David A. Price interviews Edward Glaeser, with the subheading “On urbanization, the future of small towns, and “Yes In My Back Yard” (Econ Focus, Federal Reserve Bank of Richmond, Fourth Quarter 2021, pp. 19-23). Here are a few comments that caught my eye.
On centripetal and centrifugal forces in cities
I see urban growth as almost uniformly a dance between technologies that pull us together and ones that push us apart.
Technologies of the 19th century, like the skyscraper — which is really the combination of a steel frame and an elevator — the streetcar, the steam engine, all of these things enabled the growth of 19th century cities. They brought people together. This was a centripetal age.
In the mid-20th century, we had technologies that were major jumps forward in transportation cost. In transportation technology, like the car, and in technology for transporting ideas and entertainment — television and radio — these were centrifugal forces that basically flattened the Earth and made it easier to live in far-flung suburbs or even rural areas. Those centrifugal technologies … were the backdrop for the exodus of people from dense cities that had been built around streetcars and subways and to suburbs that were built around the car.
But then in the late 20th century and early 21st century, the tides turned again. … We’ve started to see the electronic cottages become a force during the pandemic, and suburbanization has continued, but downtowns are vastly stronger than they were in the 1980s. And I think the primary reason is that globalization and new technologies have radically increased the returns to being smart, and we are a social species that gets smart by being around other smart people. That’s why people are willing to pay so much to be in the heart of Silicon Valley and why they’re willing to pay so much for downtown real estate in Chicago or New York or London.
On the shift to a rental market in single family homes
Traditionally, single-family homes were overwhelmingly owner-occupied in the U.S. More than 85 percent, I think, of homes were owner-occupied. The usual view of the housing economics community was that the agency problems involved in renting them out were huge. There are estimates that suggest that renting out for a year involves a 1 percent decline in the value of the house, or something like that, because the renter just doesn’t treat it properly. By contrast, traditionally more than 85 percent of multi-family housing was rented, at least once you get to over five stories. It’s much easier to manage a multi-unit building when you have one owner. One roof, one owner, because otherwise you’ve got the problems of coordination of the condo association or the co-op board, which can be more fractious.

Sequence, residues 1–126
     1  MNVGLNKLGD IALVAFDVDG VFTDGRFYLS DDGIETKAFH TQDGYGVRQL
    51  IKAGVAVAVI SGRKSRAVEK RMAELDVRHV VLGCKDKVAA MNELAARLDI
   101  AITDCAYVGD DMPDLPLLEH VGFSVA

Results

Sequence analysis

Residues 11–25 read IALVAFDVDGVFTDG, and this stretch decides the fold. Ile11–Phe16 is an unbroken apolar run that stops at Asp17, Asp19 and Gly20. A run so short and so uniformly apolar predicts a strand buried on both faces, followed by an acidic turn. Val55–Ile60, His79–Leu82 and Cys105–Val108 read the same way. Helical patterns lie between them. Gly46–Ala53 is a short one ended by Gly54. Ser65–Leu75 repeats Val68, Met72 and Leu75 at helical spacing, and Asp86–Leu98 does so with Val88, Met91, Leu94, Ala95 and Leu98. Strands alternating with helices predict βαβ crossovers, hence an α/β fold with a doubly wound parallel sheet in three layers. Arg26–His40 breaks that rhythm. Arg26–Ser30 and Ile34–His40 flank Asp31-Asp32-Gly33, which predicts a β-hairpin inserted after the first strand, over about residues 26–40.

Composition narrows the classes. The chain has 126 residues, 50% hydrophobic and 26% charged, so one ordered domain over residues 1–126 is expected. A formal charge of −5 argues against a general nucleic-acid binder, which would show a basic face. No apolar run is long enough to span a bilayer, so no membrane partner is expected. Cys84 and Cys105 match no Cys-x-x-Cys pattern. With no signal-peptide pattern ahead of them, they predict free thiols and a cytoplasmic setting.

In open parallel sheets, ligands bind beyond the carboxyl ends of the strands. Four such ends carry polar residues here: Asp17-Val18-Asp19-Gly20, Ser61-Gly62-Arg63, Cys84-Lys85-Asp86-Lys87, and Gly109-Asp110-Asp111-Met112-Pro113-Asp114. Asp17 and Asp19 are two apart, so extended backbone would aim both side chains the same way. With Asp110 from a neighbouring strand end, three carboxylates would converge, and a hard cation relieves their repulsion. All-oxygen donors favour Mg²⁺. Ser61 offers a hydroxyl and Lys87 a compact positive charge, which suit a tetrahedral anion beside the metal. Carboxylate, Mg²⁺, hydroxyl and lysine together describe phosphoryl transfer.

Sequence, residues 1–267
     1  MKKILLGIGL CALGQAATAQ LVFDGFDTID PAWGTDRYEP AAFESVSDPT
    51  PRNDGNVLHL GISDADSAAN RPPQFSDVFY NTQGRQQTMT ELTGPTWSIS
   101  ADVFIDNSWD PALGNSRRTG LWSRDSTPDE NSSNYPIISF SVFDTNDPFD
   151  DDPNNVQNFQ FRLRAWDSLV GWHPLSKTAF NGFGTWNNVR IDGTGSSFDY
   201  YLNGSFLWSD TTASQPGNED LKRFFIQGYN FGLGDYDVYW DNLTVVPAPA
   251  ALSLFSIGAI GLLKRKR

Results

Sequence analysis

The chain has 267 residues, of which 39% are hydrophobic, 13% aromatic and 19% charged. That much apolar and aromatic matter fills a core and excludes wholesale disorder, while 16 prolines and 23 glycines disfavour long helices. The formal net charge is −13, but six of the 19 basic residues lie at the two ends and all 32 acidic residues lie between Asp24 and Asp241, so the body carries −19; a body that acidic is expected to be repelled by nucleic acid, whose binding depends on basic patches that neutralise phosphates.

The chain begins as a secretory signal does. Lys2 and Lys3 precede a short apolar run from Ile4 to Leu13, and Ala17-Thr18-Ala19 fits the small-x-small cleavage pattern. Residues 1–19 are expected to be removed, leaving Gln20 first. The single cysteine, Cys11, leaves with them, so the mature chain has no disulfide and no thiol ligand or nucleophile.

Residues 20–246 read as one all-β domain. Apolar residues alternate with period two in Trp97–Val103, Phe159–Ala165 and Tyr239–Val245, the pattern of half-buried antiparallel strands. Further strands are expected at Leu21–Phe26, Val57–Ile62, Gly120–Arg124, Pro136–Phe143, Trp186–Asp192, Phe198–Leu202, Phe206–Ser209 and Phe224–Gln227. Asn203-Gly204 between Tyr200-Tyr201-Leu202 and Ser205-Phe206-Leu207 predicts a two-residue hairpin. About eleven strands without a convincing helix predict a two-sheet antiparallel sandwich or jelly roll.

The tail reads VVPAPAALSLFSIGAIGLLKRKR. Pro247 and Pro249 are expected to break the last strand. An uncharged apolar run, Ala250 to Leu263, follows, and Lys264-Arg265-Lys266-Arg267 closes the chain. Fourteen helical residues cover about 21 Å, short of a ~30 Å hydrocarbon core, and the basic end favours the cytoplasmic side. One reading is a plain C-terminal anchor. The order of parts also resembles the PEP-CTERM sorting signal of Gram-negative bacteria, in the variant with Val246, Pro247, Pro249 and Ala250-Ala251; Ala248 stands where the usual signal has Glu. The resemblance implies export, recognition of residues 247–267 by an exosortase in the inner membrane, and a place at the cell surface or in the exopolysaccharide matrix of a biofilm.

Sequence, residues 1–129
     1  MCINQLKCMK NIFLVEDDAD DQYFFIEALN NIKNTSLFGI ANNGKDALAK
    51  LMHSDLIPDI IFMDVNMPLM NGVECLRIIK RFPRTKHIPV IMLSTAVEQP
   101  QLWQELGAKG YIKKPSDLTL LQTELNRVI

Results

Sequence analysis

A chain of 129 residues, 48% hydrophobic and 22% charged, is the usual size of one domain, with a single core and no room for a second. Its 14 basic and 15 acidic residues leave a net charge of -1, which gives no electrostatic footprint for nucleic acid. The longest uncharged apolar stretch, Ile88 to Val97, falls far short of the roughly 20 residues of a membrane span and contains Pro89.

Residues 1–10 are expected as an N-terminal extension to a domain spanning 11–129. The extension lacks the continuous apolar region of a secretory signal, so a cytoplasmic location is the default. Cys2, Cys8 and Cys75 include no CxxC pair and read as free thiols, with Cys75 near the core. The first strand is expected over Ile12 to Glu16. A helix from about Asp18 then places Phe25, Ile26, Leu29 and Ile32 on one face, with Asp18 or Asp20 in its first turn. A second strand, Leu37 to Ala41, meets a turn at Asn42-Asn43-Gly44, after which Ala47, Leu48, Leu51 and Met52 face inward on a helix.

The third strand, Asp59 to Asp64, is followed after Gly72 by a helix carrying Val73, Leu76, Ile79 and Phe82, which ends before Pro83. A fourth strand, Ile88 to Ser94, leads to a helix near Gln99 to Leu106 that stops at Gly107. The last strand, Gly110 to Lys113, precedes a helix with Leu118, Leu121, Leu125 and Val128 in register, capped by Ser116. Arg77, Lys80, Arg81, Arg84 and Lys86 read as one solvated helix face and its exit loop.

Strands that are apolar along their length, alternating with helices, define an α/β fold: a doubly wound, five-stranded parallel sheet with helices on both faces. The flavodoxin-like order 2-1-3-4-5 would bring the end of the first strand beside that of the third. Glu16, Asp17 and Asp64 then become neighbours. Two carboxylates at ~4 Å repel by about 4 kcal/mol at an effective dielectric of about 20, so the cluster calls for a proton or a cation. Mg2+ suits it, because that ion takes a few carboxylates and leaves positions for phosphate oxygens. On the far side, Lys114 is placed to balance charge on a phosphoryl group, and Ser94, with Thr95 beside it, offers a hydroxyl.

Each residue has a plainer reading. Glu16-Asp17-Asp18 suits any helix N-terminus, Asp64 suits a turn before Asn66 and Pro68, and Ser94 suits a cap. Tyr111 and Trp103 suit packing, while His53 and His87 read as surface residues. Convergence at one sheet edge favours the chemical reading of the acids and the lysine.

So those were the things, I think, that were responsible for tying ownership type and structure type so closely together. We are starting to see that break down, which is quite interesting. I don’t know if these buyers have fully internalized their difficulties with the maintenance that goes into rental houses as a long-run issue. Or if technology has changed in such a way that they think that they can actually solve that agency problem and that they can figure out ways to deal with the maintenance costs in some efficient fashion. I’m happy to see an emergence of a healthy rental market in single-family detached housing, but I’m keenly aware of the limitations and difficulties of doing that. So, we’ll have to see how this plays out. I can’t help thinking some part of it just has to be that investors are simply searching for new investment products.
On new models of where workers will live
Take your Silicon Valley startup with 15 smart, hungry young people. Do we truly think in five years these people are just going to be Zooming it in from their suburban bedrooms? That sounds totally implausible to me. That sounds like a totally different work model that will lack all the energy and high quality in-person connections you get from being in the same room as one another.
But on the other hand, are these 15 people going to decide, “Well we all love skiing, we’re tired of paying Silicon Valley prices, should we relocate to Vail?” Or say, “We don’t want to pay taxes, let’s relocate to Austin.” Or, “We want better surfing, let’s relocate to Honolulu.” That feels entirely plausible to me. The technology supports the mobility en masse of these groups to some different area. Places they’re most likely to relocate to are high-amenity places that will appeal to them along one of these dimensions. These would be probably the best index right now of whether or not a place is likely to benefit: Among small towns, is it a skilled place already? Prior to COVID-19, did it do a good job of attracting large numbers of college graduates or people who had advanced degrees?